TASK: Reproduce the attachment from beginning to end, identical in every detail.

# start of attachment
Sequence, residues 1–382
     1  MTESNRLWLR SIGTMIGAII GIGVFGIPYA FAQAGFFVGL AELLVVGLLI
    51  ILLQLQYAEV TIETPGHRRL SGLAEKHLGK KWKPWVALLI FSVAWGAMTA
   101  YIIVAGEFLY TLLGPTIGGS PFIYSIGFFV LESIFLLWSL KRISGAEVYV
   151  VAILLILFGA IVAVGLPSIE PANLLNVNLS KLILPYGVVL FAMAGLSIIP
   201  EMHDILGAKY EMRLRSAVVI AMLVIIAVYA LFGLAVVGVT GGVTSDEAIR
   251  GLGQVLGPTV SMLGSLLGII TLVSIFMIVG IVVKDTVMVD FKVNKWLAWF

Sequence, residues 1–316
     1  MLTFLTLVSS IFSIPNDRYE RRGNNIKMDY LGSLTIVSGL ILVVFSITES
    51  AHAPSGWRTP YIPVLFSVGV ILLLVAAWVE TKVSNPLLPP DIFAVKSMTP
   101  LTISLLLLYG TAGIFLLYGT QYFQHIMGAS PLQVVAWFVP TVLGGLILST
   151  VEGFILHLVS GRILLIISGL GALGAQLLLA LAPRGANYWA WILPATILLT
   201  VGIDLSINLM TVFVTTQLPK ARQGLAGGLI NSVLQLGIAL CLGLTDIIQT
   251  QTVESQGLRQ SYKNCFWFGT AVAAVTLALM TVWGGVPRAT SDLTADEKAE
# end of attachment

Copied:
Sequence, residues 1–382
     1  MTESNRLWLR SIGTMIGAII GIGVFGIPYA FAQAGFFVGL AELLVVGLLI
    51  ILLQLQYAEV TIETPGHRRL SGLAEKHLGK KWKPWVALLI FSVAWGAMTA
   101  YIIVAGEFLY TLLGPTIGGS PFIYSIGFFV LESIFLLWSL KRISGAEVYV
   151  VAILLILFGA IVAVGLPSIE PANLLNVNLS KLILPYGVVL FAMAGLSIIP
   201  EMHDILGAKY EMRLRSAVVI AMLVIIAVYA LFGLAVVGVT GGVTSDEAIR
   251  GLGQVLGPTV SMLGSLLGII TLVSIFMIVG IVVKDTVMVD FKVNKWLAWF

Sequence, residues 1–316
     1  MLTFLTLVSS IFSIPNDRYE RRGNNIKMDY LGSLTIVSGL ILVVFSITES
    51  AHAPSGWRTP YIPVLFSVGV ILLLVAAWVE TKVSNPLLPP DIFAVKSMTP
   101  LTISLLLLYG TAGIFLLYGT QYFQHIMGAS PLQVVAWFVP TVLGGLILST
   151  VEGFILHLVS GRILLIISGL GALGAQLLLA LAPRGANYWA WILPATILLT
   201  VGIDLSINLM TVFVTTQLPK ARQGLAGGLI NSVLQLGIAL CLGLTDIIQT
   251  QTVESQGLRQ SYKNCFWFGT AVAAVTLALM TVWGGVPRAT SDLTADEKAE